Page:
Interview with Charles Philipponnat [Champagne Philipponnat]

Picture of Richard Juhlin

Richard Juhlin

Every bottle tells a story. What’s Yours? Every week we interview people in the world of Champagne on their iconic bottles. Now & then TheChampagneSommelier will interview some of the true people of Champagne. He will ask a few questions about their company, their profession, current trends, etc.

We had a bubbly chat with Charles Philipponnat from Champagne Philipponnat in Mareuil-sûr-Oger. Merci Charles ! 

Estimated reading time: 6 minutes

The interview with Charles Philipponnat

Describe yourself in a few sentences!

‘Passionate, perfectionist, fond of cooking and fermenting all fruit, vegetables and cereals that come my way.’

How did you get into the champagne profession ? 

‘I was born in it. The Philipponnats started in Aÿ before the year 1522.’

Since Your Champagne company started, how many chef de caves have Your company had ? 

‘Only 4 in the 20th and 21st centuries.’

How would You describe Your ’house/producer style’ and how do You achieve it ?

‘Pinot Noir driven, focusing on ripeness and intensity of flavors without oxidative notes, rather a crisp freshness.’

What role do grape varieties play in creating Your style ? 

‘Our style is inspired by the Pinot Noir grown on the chalky soils of the 1er cru and Grand Cru areas.’

What do You think of the current trend of ’terroir champagnes’ made of single parcels ? 

‘As long as these champagnes are made selectively, from the best parcels, it is the fittest testimony that great champagnes are made with those grapes grown on the best terroirs, be them blended or not.’

2020 has been a very special year. What’s Your idea of the near future for Champagne in general ? 

‘Champagne’s climate is essentially variable. What has characterized 2018, 19 and 20 is the pronounced drought during the maturing period (and all the reverse in 2021). However, temperatures are higher that in the past, and the harvest is now taking place on average 2 weeks earlier than 20-30 years ago. This will have a lasting effect on the wines : riper, and less acid. Riper is better in Champagne’s colder climate. But one must adjust to possibly too weak acidity by adjusting canopy management, and reasoning malolactic fermentation, among other steps.’

What else do You drink apart from Your own Champagnes ? 

‘Other good producers’ champagnes. Red Pinot Noir from many regions but mostly Burgundy. Rieslings, mainly GG dry spätlese from Rheingau, on schist, but not only : Mosel, Alsace, Pfalz…also. Their balance and winemaking challenges are similar to Champagne’s.’

Which Champagne would You treat a dream guest, and why ? 

‘Clos des Goisses 1979, the best ever in my opinion. Of the more recent vintages of the same : 2012, but only in a few more years, after it has expanded.’

PS [ what piece of music would you listen to drinking Champagne with Your dream guest ? ]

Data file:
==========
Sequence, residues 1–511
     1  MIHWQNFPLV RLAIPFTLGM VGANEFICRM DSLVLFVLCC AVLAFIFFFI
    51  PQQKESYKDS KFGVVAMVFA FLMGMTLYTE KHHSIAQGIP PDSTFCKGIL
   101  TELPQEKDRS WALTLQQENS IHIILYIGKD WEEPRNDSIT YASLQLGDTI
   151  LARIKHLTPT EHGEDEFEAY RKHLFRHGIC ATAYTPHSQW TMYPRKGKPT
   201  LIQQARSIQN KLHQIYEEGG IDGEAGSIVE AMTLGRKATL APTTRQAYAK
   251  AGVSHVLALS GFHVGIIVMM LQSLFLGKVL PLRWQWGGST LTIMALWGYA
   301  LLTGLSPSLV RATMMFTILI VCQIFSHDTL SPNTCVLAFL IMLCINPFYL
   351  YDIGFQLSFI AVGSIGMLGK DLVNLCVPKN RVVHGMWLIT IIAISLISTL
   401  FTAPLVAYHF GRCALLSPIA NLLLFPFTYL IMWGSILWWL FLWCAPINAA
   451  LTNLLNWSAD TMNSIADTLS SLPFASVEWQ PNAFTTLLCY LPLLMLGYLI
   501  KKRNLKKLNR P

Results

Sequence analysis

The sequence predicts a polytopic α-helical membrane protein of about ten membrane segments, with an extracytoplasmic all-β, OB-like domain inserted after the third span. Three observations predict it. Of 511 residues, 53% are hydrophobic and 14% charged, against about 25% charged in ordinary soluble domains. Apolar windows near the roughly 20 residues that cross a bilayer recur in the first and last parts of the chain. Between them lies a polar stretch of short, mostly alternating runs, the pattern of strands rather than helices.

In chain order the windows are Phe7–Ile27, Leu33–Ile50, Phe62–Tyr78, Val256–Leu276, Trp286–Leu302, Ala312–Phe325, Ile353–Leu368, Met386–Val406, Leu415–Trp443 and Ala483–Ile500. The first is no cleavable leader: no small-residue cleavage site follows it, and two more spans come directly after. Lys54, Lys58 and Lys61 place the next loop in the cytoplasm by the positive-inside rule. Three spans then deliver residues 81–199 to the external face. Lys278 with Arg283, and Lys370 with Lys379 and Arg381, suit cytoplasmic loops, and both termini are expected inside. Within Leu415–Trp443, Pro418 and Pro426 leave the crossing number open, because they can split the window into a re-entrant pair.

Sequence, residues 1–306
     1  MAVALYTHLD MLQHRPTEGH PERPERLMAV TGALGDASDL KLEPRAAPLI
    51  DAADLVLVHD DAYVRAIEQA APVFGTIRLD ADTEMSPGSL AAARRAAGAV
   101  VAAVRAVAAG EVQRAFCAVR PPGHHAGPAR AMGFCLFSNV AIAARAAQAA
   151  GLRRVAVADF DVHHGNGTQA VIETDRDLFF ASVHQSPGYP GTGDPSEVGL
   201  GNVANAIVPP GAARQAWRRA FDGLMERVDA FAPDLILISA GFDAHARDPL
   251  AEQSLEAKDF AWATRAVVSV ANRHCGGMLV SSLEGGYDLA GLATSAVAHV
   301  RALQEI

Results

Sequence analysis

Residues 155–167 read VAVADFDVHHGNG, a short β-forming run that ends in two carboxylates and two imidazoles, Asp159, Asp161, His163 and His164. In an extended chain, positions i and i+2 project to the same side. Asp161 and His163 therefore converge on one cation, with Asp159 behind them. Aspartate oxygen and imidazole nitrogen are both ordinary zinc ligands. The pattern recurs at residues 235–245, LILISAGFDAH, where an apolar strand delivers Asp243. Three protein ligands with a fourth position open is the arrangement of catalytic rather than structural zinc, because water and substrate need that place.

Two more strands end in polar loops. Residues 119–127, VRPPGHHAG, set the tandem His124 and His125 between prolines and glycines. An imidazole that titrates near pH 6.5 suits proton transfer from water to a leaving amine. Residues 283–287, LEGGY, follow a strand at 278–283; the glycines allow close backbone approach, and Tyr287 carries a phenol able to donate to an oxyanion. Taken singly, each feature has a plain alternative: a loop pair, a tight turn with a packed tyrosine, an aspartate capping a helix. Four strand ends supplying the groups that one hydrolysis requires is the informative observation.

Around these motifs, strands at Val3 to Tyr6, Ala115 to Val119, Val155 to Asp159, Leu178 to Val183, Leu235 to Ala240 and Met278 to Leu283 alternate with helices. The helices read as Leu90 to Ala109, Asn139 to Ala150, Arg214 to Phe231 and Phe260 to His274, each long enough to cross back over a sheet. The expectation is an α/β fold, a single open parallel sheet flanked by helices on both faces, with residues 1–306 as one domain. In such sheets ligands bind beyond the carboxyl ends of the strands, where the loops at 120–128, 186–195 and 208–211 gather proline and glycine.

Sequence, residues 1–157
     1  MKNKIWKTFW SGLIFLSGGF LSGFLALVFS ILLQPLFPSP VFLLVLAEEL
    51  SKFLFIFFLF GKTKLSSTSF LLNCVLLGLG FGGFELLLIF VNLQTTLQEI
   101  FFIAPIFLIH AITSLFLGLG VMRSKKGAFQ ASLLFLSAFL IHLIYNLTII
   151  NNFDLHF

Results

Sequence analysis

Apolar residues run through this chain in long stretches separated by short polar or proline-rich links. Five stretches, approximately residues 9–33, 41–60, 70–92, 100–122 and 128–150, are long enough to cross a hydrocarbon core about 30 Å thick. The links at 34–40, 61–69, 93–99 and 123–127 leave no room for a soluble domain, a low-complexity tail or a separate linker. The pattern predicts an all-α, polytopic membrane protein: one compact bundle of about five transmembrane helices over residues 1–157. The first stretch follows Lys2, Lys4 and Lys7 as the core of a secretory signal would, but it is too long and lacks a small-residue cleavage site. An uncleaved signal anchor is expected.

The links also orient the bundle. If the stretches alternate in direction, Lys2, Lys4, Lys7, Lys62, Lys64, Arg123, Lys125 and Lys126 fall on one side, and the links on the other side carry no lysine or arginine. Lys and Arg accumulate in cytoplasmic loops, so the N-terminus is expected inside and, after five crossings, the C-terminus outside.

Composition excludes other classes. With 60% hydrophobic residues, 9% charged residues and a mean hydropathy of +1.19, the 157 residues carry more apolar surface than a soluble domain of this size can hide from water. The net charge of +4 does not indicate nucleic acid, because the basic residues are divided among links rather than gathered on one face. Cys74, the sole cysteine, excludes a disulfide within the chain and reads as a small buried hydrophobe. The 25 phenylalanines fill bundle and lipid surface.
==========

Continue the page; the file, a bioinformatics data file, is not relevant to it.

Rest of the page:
“Bei mir bist du schön“, in Ella FitzGerald’s sparkling version. 

Producer profile by Champagne Club by Richard Juhlin

Philipponnat – Mareuil-sûr-Ay

The family has been at Mareuil-sur-Aÿ since 1522 and this domain was established in 1910 by Pierre Philipponnat. In 1935 he bought the jewel in the company’s crown, the 5.5-hectare vineyard, Clos des Goisses. In 1987 Philipponnat became part of the Marie-Brizard group, and at present the domain is included in Bruno Paillard’s block.



They purchase 75 per cent of the grapes from very highly ranked vineyards (97 per cent, on average), with the remaining quarter coming from Mareuil-sur-Aÿ. Nowadays the firm is run with a purposeful hand by the friendly and unassuming Charles Philipponnat. He manages the excellent grapes in a praiseworthy manner. The wines share his charm and personality. 

All of them are intensely fruity, with a characteristically youthful tone of gooseberry in the nose. Only the first pressing is used by Philipponnat, since they have Abel Lepitre as their second label. 50% of the vintage wines are fermented in oak nowadays. 

Clos des Goisses is consistently one of the world’s foremost wines. They still use a small number of oak barrels, even if certain vintages, like the ’89, are completely vinified in steel tanks. This champagne is a real slow starter that should preferably be decanted if it is going to be drunk before its twentieth birthday. The unique slope beside the canal at Mareuil-sur-Aÿ is planted with 70 per cent Pinot Noir and 30 per cent Chardonnay. I recently held a complete vertical tasting of this personal wine. The champagnes were amongst the most ravishing I have tasted. Most impressive was an invaluable magnum from 1955. The 2000 is one of the milestones of the vintage. 

Clos des Goisses Juste Rosé and Les Cintres from the heart of the Clos are actually even more intense and fantastic. In certain years a rare – though not very exciting – still red variety is made from the batch. Even rarer, and definitely more exciting, are the 200 bottles of still Chardonnay that Philipponnat makes every year for their own use. In my opinion it is Champagne’s foremost still white wine. 

The four stars are all totally thanks to Clos des Goisses.

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